Abstract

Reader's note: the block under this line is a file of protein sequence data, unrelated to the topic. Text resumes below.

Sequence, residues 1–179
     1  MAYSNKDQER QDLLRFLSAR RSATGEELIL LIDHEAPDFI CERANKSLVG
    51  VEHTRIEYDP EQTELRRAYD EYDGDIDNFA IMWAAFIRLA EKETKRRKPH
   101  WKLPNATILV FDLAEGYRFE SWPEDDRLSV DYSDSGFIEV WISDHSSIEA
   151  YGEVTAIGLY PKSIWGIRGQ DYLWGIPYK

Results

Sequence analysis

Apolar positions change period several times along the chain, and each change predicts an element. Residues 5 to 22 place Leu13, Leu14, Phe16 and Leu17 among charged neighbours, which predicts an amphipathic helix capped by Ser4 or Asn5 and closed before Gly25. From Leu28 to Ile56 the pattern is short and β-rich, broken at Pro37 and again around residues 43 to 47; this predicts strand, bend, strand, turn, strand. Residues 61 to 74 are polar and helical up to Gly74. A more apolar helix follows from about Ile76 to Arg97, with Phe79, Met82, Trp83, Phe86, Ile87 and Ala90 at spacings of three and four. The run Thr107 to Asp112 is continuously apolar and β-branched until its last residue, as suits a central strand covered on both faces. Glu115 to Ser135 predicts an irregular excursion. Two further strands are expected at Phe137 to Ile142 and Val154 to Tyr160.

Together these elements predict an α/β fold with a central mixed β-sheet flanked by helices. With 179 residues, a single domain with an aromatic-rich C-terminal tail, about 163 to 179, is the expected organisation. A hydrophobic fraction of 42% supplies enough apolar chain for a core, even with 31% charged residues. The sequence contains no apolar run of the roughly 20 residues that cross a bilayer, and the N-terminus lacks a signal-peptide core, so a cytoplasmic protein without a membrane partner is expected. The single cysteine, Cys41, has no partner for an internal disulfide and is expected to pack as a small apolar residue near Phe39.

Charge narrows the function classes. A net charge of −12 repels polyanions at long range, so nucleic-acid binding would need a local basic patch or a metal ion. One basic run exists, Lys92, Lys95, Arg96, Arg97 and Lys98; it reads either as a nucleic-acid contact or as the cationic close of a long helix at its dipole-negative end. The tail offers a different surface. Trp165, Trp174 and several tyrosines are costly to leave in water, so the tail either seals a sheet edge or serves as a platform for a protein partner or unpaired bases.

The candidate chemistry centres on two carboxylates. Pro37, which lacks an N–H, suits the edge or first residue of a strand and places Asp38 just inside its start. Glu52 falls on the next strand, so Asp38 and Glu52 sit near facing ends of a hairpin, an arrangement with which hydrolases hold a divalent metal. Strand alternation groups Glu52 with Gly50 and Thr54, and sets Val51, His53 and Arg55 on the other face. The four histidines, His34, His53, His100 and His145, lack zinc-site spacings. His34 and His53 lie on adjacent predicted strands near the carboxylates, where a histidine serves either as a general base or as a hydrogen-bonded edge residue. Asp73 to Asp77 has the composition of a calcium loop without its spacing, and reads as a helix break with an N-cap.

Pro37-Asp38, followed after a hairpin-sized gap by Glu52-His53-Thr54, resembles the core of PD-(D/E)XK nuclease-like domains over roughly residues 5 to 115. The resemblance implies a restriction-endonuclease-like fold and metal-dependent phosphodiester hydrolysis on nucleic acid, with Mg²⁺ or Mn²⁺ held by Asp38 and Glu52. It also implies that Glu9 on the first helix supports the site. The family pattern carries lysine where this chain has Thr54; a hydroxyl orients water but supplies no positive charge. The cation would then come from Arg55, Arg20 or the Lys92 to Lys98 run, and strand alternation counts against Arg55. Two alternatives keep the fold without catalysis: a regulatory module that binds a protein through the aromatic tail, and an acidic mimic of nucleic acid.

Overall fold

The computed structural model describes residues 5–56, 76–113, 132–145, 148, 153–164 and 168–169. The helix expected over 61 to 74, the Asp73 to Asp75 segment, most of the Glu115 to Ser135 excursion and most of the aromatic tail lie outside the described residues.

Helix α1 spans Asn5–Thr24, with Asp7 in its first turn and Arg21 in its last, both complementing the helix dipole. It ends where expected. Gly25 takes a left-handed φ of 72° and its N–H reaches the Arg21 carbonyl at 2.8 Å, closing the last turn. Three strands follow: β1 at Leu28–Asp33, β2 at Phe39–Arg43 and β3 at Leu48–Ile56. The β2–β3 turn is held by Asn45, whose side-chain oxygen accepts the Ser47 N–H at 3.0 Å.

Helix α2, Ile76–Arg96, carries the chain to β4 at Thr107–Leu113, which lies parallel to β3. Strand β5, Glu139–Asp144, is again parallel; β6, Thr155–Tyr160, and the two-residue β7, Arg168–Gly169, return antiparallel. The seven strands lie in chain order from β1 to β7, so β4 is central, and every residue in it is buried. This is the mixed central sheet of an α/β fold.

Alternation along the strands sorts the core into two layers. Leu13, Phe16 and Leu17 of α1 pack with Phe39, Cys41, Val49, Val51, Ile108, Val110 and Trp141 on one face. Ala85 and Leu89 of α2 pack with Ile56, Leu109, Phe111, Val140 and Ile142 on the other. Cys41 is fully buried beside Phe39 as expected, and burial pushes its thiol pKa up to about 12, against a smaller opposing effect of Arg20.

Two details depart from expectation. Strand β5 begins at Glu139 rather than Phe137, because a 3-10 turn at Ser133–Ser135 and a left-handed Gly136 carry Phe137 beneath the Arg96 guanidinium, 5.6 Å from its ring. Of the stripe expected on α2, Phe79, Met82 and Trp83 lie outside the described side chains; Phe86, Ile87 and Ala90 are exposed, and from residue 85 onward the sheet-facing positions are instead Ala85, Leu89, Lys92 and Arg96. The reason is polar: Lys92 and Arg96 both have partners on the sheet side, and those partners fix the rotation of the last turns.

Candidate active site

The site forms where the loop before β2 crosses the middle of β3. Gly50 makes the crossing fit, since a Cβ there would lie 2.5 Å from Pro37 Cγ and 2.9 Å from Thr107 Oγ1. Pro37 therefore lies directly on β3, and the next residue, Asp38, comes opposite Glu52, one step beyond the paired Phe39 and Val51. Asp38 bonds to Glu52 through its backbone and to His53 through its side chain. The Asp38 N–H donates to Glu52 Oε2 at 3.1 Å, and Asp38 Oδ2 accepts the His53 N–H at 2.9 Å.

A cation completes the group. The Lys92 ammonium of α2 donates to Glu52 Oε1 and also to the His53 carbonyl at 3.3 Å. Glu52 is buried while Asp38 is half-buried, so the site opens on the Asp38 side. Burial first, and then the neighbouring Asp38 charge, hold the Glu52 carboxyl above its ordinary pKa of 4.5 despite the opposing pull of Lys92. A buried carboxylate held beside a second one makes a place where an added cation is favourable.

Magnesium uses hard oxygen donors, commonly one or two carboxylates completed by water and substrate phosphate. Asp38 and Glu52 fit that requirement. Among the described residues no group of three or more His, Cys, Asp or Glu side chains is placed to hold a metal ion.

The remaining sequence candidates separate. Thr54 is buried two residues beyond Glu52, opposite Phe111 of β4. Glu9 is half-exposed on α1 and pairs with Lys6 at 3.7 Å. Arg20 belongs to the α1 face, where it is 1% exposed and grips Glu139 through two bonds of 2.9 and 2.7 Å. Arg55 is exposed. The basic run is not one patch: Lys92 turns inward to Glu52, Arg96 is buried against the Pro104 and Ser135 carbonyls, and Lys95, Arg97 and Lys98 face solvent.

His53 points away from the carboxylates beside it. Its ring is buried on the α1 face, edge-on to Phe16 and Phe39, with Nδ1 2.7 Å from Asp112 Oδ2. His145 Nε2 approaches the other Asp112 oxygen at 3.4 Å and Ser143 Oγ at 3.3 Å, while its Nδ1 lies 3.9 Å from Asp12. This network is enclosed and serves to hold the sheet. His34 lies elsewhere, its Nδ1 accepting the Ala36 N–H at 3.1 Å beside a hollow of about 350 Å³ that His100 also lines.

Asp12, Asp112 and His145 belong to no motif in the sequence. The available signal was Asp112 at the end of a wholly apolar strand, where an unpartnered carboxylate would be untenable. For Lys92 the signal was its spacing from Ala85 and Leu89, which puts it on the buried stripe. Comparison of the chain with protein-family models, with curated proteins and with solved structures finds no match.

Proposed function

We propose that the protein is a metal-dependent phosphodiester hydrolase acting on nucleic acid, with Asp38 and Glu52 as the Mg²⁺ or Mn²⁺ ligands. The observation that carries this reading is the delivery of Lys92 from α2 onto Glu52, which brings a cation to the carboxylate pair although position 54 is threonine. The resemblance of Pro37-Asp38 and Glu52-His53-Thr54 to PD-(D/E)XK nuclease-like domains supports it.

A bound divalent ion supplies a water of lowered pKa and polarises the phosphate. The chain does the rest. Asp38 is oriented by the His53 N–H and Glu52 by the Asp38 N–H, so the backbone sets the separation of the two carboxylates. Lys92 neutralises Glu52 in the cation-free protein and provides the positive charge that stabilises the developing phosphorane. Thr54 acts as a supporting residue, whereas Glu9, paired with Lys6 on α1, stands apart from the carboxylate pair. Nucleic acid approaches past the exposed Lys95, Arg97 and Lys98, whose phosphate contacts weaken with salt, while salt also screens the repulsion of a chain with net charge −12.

Settling velocities in water were measured for natural quartz sand grains in the sieve-size range -0.75 to 1.50phi (0.35-1.68 mm). Obtained from beach sand samples, the grains were selected so as to provide a wide range of roundness from very angular to very-well rounded (rho r = 0.6-5.1). In a first set of experiments only two axial diameters were measured under a microscope, the longest axial diameter, D 1 , and the intermediate diameter, D i . In a second data set the smallest axial diameter, D s , was measured as well. Settling velocities were measured in a 6-meter long settling tube. It is found that the intermediate grain diameter is on average equal to the nominal diameter computed as D n = (D s D i D 1 ) (super 1/3) . This permits a simpler analysis of grain settling through microscopic measurements of D i alone but does not allow for corrections of grain shape effects. The measured settling velocity, w m , is then compared with the settling velocity of a sphere, w s , calculated using D i as the sphere diameter, and the relationship w m = 0.977w (super 0.913) s is found to be consistent with the data. An alternative approach is provided where w s is calculated directly from the sieve diameter, and then corrected to the actual settling velocity w m for that mean grain size. The results thus provide graphs and empirical relationships which permit the evaluation of actual grain-settling rates (rather than settling velocities of spheres) from the sieve diameter or from microscopic measurements of D i for individual grains. These procedures provide a mean settling velocity that takes into consideration the average degree of grain irregularities found in natural sands. A more detailed analysis is then conducted to examine the effects of roundness and sphericity on the settling of individual grains. It is found that grain roundness has no measurable effect on the settling rate. The settling velocity is shown to be a function of grain sphericity. either expressed as the Corey Shape Factor or E Shape Factor. Grain asymmetries must also be important, accounting for much of the scatter in the results.

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